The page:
The April sale week at Grosvenor presented auctions over three consecutive days with high attendances both in the auction room and online, achieving a superb total realisation of £1,201,411.
Greatest enthusiasm in the 25th/26th April Specialised Great Britain auction was reserved for the less mainstream material which included a fine range of unusual Revenues and Telegraphs from the collections of Frank Brown and others.
Featured on the front cover of the auction catalogue, a beautiful colour trial pair for the Queen Victoria Telegraphs £5, printed in gold (lot 227, left) realised an impressive £4,165. There was a strong response also to the exceptional ‘Bristol’ collection of Lundy, top price on the day being the £2,856 paid for a rare early letter (lot 1083) written in 1837 on board ship “Off Lundy”.
Other notable prices included £11,666 paid for a marginal set of ‘BPMA’ imprimaturs of the 1915 De La Rue Seahorses (lot 812) and £9,210 for the handsome 5s. die proof in mauve (lot 678), produced by DLR for the 1870 International Exhibition and one or just two examples that exist in each colour in private hands.
The 26th/27th April British Empire & Foreign Countries auction provided a broad spectrum of material and brought to the market the first part of the remarkable Stefan Heijtz, FRPSL, International Large Gold Medal winning collection of the postal history of Saint Helena. Just two covers bearing the first imperforate issues of the colony are known so it was unsurprising that the finer of these (lot 2716, left) attracted great interest as well as a strong £11,052 realisation.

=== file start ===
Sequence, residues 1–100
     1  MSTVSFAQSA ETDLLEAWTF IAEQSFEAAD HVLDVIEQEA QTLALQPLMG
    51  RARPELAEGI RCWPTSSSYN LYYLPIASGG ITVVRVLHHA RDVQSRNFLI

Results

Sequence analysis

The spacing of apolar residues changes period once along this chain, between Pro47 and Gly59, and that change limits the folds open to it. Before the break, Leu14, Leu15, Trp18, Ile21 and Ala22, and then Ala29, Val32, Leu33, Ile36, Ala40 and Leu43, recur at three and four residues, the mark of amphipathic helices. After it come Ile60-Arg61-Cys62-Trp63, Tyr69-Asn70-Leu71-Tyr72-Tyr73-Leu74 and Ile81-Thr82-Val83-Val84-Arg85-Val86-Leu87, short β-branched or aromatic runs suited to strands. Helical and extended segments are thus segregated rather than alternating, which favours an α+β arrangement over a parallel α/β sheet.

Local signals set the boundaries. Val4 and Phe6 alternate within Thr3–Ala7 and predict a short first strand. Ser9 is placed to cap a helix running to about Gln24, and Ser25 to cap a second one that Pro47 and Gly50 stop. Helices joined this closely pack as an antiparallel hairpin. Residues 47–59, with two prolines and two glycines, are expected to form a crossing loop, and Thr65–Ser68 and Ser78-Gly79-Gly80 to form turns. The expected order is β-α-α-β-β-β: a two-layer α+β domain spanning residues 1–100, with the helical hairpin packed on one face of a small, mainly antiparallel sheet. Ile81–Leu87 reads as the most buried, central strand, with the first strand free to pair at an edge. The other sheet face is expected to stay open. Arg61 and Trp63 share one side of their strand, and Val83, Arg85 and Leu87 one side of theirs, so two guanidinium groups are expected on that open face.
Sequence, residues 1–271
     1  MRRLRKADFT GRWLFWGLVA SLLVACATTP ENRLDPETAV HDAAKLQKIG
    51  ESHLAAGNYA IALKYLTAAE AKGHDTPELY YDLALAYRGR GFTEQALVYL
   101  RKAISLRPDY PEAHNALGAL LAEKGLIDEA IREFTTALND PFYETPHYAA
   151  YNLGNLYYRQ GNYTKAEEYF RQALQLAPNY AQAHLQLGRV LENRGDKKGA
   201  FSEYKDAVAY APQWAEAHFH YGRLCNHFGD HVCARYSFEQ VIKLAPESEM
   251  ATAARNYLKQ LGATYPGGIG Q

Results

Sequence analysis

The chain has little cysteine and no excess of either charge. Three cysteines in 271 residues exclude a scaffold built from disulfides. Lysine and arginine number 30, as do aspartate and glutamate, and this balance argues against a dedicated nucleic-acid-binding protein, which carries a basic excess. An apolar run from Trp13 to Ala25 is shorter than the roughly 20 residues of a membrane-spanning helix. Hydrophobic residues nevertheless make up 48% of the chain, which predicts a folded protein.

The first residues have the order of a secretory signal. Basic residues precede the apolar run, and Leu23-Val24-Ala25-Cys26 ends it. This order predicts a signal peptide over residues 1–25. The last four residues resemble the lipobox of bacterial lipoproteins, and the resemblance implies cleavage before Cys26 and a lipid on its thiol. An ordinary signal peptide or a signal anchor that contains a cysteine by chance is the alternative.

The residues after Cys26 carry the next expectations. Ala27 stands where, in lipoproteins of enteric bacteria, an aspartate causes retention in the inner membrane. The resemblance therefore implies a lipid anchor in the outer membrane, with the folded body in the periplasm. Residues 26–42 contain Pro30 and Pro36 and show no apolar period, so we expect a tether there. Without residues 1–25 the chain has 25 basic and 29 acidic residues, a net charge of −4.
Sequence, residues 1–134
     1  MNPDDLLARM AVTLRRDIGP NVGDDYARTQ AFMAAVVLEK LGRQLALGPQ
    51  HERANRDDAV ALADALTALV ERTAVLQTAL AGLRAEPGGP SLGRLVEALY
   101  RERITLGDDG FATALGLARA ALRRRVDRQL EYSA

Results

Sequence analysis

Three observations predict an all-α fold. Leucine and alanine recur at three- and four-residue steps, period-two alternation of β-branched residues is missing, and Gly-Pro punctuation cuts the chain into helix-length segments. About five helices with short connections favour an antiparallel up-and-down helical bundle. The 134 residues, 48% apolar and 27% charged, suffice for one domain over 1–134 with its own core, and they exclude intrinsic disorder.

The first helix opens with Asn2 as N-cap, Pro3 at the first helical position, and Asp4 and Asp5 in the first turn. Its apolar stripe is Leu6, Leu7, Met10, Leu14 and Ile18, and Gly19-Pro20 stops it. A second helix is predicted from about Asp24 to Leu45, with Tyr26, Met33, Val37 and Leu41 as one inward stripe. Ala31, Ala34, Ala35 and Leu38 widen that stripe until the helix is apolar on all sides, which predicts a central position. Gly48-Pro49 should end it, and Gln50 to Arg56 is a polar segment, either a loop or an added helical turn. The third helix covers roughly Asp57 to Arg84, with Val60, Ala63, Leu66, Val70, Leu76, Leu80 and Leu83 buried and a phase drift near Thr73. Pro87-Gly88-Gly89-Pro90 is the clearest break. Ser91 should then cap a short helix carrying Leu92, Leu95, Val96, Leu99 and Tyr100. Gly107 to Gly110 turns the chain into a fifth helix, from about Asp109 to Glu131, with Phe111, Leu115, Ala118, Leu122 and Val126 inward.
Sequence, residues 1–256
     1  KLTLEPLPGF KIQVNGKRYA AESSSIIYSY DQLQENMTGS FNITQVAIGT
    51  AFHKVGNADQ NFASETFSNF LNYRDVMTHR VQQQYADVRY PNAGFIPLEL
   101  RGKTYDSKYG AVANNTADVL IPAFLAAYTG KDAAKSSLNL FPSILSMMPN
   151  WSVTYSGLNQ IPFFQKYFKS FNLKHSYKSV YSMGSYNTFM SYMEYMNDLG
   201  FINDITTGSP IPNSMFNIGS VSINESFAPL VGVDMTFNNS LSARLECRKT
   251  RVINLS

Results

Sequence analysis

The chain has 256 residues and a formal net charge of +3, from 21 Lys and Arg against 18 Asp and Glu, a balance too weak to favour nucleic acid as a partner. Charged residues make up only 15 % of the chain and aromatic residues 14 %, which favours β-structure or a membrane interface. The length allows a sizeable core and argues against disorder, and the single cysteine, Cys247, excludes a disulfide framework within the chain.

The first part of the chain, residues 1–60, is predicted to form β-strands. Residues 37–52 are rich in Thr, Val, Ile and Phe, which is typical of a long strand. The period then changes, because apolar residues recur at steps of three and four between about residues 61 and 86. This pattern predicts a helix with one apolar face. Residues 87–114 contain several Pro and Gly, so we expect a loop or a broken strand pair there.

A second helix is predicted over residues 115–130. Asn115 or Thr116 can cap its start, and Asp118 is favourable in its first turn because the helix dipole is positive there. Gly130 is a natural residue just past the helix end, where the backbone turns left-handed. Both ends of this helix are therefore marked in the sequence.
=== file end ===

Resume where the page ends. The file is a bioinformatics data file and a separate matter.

After his sad death in 2016, the late Donald Napier’s collections of Jamaica postal history and British Africa Airmails, together with the balance of his noted collection of Rhodesia, were presented in 318 lots. Amongst these a 1707 entire to London from the Chief Justice of Jamaica, a scarce item from the Dummer Packet Service (lot 2219) rose to £4,760 whilst the rare 1926 Cobham & Elliot Rhodesia to London flight cover (lot 1589), signed by all three crew members, reached £2,026.
However, in this auction it was the section of Egypt, which included a number of unusual imperforate specimens from the so-called ‘Royal’ printings, which drew the most competitive bidding at this sale. A single example of the 1938 King Farouk’s Eighteenth Birthday £E1 (lot 1957, estimate £1,500-£1,700) was seen to rise spectacularly to £8,092.
Prices quoted include buyer’s premium and taxes. Full listings of prices realised at each auction may be downloaded from the Grosvenor website www.grosvenorauctions.com. Contact Andrew Williams or Tom Margalski at GROSVENOR for further information.